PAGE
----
Tough Friendship

No one told me about it. I used to have a nice pair of black shoes, my favorite, the first gift Sarah ever gave me, but which acquired a doubtful smell over time. I had never had foot odor before, so I began to suspect the problem only gradually, but by then it was too late. I saw myself in a crowded friend’s house with no way to make things smell better, and had already been at several events and left a trail of questionable aromas and nervous comments.


To confront friends is a tough task. We all have friends who could benefit hugely if someone told them to switch deodorant brands, to dress up for job interviews, to expand the repertoire of subjects of conversation. Everybody knows these features are prejudicial, everybody knows the person is not aware of them, everybody knows he would benefit if someone pulled him aside and gave some suggestions, but no one has the guts to do it. We fear we might offend him.

The courage to confront is harder to come in more delicate cases still, like with the friend who is fixed for years on entering a specific university but who is simply not ready enough, even tough she studies day and night. Or with the buddy who dismisses great gals that come by because they are not good enough for him, not realizing he is no Brad Pitt himself. Or with the acquaintance pouring investments into a company that is bound for bankruptcy, believing that persistence will eventually turn losses into profits.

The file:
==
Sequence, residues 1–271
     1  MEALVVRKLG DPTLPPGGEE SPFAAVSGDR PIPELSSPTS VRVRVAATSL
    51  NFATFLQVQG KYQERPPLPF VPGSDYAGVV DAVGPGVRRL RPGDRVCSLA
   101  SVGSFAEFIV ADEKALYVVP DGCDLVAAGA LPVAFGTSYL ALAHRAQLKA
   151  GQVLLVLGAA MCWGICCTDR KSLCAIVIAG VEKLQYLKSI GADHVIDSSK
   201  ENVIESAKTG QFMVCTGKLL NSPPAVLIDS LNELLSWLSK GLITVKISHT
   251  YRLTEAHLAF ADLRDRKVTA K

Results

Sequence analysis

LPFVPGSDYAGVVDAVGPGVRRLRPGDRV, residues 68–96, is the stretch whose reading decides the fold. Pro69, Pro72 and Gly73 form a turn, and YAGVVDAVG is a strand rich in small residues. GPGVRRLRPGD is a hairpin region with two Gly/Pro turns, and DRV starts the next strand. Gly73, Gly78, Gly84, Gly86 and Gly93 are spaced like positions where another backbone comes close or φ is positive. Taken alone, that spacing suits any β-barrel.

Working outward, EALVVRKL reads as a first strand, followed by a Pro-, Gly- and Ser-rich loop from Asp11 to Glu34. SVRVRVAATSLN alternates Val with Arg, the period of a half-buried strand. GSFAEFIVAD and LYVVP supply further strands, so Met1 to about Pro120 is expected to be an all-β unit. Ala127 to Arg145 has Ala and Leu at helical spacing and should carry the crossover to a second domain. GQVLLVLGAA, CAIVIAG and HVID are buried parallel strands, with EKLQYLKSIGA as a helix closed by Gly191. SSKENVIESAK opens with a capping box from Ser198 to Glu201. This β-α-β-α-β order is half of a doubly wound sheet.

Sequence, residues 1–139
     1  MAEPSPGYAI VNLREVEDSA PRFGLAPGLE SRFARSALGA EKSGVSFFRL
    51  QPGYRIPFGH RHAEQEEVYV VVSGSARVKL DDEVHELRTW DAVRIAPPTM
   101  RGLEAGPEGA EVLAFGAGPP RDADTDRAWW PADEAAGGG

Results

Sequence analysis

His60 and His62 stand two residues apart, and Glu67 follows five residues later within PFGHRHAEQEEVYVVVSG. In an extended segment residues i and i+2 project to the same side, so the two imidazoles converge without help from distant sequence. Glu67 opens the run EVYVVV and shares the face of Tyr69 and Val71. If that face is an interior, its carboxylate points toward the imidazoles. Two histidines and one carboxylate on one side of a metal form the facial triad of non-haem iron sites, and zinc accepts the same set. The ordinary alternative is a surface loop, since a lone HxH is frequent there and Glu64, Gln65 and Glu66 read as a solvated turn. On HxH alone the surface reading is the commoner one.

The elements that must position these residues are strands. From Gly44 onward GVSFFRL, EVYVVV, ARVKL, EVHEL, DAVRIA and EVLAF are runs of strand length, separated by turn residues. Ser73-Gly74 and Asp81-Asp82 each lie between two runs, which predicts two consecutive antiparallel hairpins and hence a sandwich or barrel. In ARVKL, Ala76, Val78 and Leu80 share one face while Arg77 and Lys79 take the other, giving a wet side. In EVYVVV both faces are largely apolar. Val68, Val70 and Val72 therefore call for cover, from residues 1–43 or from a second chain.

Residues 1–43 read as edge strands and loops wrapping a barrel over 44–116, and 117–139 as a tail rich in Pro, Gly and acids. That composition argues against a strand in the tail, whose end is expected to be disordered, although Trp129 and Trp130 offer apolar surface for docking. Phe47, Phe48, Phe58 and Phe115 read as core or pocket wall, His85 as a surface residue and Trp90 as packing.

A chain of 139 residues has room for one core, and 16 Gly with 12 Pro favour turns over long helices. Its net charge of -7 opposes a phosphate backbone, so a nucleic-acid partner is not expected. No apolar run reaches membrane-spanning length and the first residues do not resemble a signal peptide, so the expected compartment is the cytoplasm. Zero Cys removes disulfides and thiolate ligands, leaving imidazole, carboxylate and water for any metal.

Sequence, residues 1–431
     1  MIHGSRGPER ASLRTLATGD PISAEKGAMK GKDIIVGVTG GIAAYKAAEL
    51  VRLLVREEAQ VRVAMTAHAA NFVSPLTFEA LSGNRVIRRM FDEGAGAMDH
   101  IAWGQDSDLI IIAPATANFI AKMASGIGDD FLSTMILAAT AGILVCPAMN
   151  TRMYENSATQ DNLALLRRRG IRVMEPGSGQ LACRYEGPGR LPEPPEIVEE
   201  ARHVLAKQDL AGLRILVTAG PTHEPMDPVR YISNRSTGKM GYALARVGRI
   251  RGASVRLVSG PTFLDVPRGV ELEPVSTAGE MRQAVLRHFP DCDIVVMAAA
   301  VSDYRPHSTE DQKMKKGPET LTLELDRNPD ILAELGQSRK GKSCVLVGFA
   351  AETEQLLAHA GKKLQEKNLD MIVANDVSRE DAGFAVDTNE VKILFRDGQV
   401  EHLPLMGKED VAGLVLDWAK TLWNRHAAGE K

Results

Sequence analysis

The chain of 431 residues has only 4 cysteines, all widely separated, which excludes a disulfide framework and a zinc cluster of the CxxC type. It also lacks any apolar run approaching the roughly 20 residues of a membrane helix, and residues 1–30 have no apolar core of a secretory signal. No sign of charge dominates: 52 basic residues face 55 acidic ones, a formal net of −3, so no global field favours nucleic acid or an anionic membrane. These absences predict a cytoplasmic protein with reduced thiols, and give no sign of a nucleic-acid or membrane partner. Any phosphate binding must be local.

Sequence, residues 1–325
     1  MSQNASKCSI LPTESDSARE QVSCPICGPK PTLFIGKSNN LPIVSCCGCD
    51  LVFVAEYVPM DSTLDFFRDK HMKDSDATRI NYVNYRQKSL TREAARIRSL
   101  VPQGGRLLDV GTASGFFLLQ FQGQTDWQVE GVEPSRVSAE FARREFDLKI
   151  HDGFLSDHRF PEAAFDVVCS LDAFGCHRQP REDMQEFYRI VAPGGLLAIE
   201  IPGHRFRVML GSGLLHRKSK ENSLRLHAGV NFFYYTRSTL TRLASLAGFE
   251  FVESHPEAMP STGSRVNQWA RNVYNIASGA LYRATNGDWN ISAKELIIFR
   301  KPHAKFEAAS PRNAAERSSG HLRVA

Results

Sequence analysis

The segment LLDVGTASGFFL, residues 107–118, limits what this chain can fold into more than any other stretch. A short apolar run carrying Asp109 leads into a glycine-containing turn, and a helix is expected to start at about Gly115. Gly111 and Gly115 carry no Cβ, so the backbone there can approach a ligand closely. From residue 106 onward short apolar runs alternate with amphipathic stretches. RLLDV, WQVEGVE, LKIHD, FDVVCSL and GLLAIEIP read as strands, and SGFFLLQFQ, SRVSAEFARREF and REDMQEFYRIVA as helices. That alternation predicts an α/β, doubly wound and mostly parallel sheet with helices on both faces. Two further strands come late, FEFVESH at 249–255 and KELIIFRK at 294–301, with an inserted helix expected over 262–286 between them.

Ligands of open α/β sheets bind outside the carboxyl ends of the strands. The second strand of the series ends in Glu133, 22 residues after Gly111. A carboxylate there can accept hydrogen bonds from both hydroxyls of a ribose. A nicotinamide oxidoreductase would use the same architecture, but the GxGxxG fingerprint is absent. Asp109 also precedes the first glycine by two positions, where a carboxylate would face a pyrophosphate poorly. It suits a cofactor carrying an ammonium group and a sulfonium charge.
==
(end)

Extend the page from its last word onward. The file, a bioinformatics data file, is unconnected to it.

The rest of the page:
“The king is always killed by his courtesans, not by his enemies,” wrote John Lennon, about a meteoric moment of his Beatles career when no one had the courage to confront him even though success was crippling his soul. So-called friends preferred to profit from his fame than to help him navigate it with a clear head.

The king is overfed, overdrugged, overflattered, they make anything to keep him bound to his throne. The majority of people in this position never wake up. They die mentally or physically or both.

But someone eventually saw him eye to eye. Lennon describes how Yoko Ono summoned the courage to talk to him as a man and not as a Beatle, and call forth character and realism and responsibility.

And what Yoko did for me was liberate me from that situation. She showed me what it was to be Elvis Beatles and live surrounded by fans and slaves interested just in keeping the situation as it was… She did not fall in love with the Beatle, she did not fall in love with my fame. She fell in love with me, with how I was, and this brought to the fore that there was something better in me. [I realized] ‘My God, this is different that anything that took place before. This is more than an album in the hit parades. This is more than gold.[1]

A friends’ new awareness more than compensates the awkwardness of confronting moments. A new self-understanding can correct self-defeating habits or even launch someone in a whole new direction of life. It is the posture of “speaking the truth in love,”[2] of caring for the other person too much to let him or her persist in a negative habit or belief. The courage to confront is the measure of true friendship.

René Breuel

[1] John Lennon, quoted in Philip Norman, John Lennon: A Vida [John Lennon: A Life] (Sao Paulo, Editora Schwarcz, 2009), 546

[2] Ephesians 4:15


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